Again, good negotiation skill is key. If there’s a sizable credit card purchase you’re planning in the next few months, you can also use that as leverage. You could say: “I will be booking flight tickets to Japan for my family next month and I’m planning to use this credit card to pay for this purchase. If I spend P50,000 using this card in the next 3 months, would you allow me to waive the annual fee?”
Of course, don’t lie about possible purchases that won’t happen and don’t set conditions that you won’t be able to meet! It’s important to communicate clearly that you’re indeed planning on canceling the card and not just bluffing.
Be clear about the reasons why you’re no longer interested on using the card. Don’t just cite the annual fee. You could say some terms and conditions changed (like the conversion rate for points or rewards became higher) or you’re not satisfied with customer service because it took you several minutes to contact Customer Support when you found a fraudulent transaction on your card.
Provide useful, solid feedback so they’ll know that they’re actually losing a customer. At times, they will respond with retention offers, including waiving the annual fee, to convince you to reconsider your decision.
Again, use this method only if you’re ready to actually go through the cancellation. Otherwise, the credit card company could call your bluff and they might ask you to pay and settle all unpaid balance to close your account!
3. Choose a credit card that offers “No Annual Fee” or “Forever Waived Annual Fees.”
These days, several credit card issuers offer cards with the benefit of waived annual fee, especially during the first year. Take advantage of these offers. Of course, we know that this is simply a bait that companies use because even if they will forgo the annual fee, they still can make lots of money through credit card finance charges, annual percentage rates (APR), and penalty fees. But if you do want to have a credit card, opting for one with waived fee on the first year could certainly save you some cash.
Better yet, choose cards that offer no lifetime annual fees. Yup, no annual fees forever!
These extraordinary cards are typically used by banks to lure you to switch to them with the hopes of locking you in for life. Of course, there are the same interest and penalty fees that will be charged to you to help the credit card company make money, but at least with a waived lifetime fee, you’re not required anymore to pay annual fees forever.
In the Philippines, here are some of the credit cards that offer “waived lifetime annual fees” or “no annual fees forever”.
Credit Cards with No Annual Fee or Waived Annual Fees for Life
- Citi Simplicity Credit Card
- BPI e-Credit card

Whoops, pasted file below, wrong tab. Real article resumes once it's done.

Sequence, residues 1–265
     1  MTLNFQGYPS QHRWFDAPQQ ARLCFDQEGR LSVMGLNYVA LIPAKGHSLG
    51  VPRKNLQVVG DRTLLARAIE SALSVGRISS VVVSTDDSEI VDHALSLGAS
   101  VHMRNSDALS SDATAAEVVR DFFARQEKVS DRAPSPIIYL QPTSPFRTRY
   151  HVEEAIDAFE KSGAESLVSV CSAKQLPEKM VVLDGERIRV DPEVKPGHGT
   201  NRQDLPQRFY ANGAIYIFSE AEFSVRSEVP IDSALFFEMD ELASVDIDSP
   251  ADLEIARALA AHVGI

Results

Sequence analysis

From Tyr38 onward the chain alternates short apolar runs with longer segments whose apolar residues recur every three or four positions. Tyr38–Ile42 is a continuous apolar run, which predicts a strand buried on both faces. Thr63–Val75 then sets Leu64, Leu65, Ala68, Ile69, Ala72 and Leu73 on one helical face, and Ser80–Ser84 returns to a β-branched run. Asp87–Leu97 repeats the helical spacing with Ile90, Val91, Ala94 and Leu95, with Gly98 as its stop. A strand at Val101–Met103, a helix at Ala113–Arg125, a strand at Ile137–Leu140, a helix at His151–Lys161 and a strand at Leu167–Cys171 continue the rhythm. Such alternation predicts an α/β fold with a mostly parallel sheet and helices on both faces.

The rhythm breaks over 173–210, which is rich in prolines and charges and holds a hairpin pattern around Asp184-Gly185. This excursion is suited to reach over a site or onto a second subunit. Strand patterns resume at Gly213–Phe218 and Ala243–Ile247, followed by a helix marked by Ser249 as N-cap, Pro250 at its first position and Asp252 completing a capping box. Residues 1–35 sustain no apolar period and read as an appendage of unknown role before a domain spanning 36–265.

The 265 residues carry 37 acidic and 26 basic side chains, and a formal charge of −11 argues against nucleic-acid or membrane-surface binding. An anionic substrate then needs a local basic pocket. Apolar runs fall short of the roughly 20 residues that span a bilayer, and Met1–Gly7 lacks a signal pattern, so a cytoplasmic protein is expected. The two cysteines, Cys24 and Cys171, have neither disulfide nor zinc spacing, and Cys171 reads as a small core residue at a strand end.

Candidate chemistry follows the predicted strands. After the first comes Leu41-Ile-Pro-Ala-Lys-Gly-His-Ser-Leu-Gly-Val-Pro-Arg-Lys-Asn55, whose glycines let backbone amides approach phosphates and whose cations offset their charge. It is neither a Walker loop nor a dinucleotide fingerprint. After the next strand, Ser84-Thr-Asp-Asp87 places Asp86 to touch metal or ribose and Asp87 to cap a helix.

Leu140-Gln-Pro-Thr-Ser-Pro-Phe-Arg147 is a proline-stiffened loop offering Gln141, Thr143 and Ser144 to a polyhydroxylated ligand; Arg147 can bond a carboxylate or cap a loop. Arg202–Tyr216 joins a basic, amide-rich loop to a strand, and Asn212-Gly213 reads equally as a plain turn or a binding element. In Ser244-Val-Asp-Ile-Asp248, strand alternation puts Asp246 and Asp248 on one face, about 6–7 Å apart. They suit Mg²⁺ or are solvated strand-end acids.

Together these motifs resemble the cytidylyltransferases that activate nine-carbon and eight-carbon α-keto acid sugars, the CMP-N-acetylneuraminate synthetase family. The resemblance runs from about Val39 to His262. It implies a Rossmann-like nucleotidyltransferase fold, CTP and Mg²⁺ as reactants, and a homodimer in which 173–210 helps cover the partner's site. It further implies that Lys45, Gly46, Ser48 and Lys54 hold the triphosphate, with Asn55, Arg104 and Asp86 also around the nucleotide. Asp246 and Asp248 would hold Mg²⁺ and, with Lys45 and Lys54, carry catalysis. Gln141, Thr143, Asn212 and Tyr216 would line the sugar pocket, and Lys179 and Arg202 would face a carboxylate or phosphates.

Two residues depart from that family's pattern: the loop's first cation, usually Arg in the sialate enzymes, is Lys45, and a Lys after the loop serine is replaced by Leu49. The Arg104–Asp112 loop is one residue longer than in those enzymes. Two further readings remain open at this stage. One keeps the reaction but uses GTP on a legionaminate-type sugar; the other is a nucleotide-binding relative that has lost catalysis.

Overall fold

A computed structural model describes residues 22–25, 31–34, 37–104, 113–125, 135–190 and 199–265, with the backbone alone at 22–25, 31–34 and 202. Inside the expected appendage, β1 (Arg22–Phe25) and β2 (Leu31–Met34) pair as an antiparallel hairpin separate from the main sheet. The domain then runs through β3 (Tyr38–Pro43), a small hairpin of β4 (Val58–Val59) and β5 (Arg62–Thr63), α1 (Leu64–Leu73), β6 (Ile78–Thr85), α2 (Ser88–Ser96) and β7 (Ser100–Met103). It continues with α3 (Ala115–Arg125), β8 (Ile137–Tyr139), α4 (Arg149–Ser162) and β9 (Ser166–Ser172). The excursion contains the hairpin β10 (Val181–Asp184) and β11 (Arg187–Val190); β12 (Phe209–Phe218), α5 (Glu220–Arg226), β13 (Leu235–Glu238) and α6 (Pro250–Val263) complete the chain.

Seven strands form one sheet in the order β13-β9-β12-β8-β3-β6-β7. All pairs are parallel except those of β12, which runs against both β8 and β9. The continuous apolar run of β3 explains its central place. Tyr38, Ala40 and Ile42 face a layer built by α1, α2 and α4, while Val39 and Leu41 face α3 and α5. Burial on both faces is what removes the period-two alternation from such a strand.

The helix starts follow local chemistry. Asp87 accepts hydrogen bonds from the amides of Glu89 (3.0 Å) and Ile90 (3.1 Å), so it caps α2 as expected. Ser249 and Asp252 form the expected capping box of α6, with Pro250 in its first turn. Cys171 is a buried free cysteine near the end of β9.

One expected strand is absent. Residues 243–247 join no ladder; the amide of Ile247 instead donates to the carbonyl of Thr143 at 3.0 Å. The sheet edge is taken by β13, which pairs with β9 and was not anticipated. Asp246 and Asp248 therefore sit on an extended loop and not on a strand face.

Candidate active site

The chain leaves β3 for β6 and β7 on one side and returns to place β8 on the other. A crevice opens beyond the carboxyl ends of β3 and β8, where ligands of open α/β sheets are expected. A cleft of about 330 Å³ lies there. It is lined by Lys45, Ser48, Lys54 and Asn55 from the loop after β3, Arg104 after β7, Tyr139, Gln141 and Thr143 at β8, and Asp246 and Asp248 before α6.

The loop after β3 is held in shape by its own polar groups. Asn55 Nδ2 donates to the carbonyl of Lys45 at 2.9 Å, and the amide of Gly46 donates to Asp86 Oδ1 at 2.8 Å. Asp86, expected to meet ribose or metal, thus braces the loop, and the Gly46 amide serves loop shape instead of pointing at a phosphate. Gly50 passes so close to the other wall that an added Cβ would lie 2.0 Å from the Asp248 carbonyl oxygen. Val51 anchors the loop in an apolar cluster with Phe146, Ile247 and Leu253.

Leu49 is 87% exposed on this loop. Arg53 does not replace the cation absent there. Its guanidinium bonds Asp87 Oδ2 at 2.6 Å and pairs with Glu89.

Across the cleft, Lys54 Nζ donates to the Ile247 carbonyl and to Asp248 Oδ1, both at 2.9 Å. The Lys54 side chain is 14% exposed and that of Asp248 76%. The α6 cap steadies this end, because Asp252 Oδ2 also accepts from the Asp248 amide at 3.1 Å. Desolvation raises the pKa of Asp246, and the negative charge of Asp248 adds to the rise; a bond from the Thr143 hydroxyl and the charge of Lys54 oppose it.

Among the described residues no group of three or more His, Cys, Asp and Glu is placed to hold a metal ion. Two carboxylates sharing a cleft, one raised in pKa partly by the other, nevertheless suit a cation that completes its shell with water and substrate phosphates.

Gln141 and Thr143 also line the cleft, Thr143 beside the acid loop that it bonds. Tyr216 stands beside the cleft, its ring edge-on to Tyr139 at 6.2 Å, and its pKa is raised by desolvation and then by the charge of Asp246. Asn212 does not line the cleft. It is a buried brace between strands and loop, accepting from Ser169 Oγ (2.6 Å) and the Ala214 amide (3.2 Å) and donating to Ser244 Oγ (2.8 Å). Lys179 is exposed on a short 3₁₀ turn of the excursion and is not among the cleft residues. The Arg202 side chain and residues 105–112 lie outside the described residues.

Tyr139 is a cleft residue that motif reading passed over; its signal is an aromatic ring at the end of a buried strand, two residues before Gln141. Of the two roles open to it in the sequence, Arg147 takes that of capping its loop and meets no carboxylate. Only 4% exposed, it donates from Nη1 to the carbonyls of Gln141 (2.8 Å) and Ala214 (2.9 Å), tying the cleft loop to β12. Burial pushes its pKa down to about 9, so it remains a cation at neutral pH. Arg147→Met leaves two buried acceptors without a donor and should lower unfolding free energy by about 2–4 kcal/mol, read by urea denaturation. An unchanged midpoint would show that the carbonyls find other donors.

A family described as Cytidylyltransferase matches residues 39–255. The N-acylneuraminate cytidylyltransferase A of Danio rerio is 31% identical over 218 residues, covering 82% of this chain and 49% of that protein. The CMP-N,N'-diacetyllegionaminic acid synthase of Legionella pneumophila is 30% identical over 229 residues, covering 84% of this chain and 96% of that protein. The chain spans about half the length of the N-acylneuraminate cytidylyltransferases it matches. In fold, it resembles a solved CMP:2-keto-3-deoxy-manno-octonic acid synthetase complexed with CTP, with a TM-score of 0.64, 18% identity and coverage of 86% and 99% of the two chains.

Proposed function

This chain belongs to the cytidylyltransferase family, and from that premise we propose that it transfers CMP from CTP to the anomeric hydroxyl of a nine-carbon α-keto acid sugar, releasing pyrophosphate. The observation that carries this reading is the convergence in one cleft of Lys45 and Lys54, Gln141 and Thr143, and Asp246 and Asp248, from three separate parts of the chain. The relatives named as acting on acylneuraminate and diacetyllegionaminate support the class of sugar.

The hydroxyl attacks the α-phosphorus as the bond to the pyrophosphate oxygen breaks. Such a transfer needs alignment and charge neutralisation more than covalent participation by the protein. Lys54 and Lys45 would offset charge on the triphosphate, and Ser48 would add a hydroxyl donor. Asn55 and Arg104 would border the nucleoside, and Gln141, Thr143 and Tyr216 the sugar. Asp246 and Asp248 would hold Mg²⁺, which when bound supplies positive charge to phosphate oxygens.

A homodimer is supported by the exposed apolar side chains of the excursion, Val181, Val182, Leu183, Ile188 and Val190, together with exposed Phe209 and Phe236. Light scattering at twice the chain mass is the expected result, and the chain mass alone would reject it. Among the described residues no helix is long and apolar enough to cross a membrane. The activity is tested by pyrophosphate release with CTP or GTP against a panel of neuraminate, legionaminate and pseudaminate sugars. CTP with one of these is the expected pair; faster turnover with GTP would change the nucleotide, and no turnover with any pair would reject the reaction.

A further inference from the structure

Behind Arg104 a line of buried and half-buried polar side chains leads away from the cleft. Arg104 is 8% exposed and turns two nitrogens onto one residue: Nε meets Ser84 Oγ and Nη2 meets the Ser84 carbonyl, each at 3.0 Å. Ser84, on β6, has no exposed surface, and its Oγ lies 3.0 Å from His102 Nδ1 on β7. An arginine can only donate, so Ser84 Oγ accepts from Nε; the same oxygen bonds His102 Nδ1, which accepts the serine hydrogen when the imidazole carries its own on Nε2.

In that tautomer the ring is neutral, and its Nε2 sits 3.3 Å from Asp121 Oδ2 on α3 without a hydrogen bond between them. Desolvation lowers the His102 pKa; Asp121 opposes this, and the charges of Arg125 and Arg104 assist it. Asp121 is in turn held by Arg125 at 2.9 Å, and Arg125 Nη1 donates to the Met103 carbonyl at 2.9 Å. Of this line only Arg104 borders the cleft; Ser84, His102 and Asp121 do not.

- Metrobank’s M card
- HSBC Gold Visa Cash Back Credit Card
- HSBC Premier Mastercard
- Allied Bank’s Travel Club
- AUB Easy Mastercard
- RCBC Bankard AirAsia Credit Card
- Robinsons Bank Platinum DOS Mastercard
- Security Bank’s e-Secure card
We have another article talking about credit cards in the Philippines with waived or no annual fee. See here which credit cards offer that benefit.
Stories of Credit Card Users Asking to Waive Annual Fees
After we’ve written this article, we received a lot of comments from our PinoyMoneyTalk readers who shared their stories on how they also got to have their credit card annual fees waived. We’re reproducing them below so you can also learn from their experience!
“I always pay the total balance on time so I never have finance charges and late fees; I have a good credit standing. I usually just tell the agent to cancel my card if they won’t waive the annual fee and they gladly waive them with no conditions.”– Joanne M.
I have a BDO Credit Card and every time I request for waiving [the annual fee], it was always granted. Of course, need a good history of payments. But in Metrobank, they always have requirements to purchase or a condition to waive your annual fee.– Ian
Citibank does not waive any annual fees anymore. I’ve tried. They don’t do it. I spent a whole 30 minutes to 1 hour on the phone trying to convince them. You have to have 20,000 points. Php 30 for 1 point. For annual fee to be waived, you need to have Php 600,000 spent.– RC_KUNOICHI
Seems like Citibank does not waive annual fees this year. Called them up, failed to have mine waived.– Vito A.
I just had requested to waive my annual fee sa Metrobank and they gave me 3 options: 1. Spend a particular amount; 2. Go paperless; or 3. Enroll a utility bill. I chose option 2.-BJC
I have a good credit standing with Metrobank for 5 years. I pay my bills on time and always in full. But Metrobank never waived my annual fee.– Alex
I work in BPO for credit cards and if you always pay your bill in full, you won’t get good credit standing because they don’t get to milk you through interest charges. Remember, that’s how bank earns from credit cards. They don’t get to earn from you, instead your account becomes a liability because they also spend something for their services to you. To get a good credit standing, always use your card but do not pay it in full always and make sure to keep your account current. (They also get money from you through late fees, so getting late 1x in every 8 bills perhaps will not hurt your credit.)– Mari Ela
I tried calling BPI before and the BPI agent said that I need to spend Php 9,000 in a month for them to waive the annual fee, else I’ll be charged. So I let my co-workers use and swipe my card. My 1st year’s annual fee was waived. Will do this again on my second year.– John David G.
Now you know some ways to eliminate your annual credit card fee burden. Try the steps above because if they work, you’ll surely be able to save thousands of pesos every year!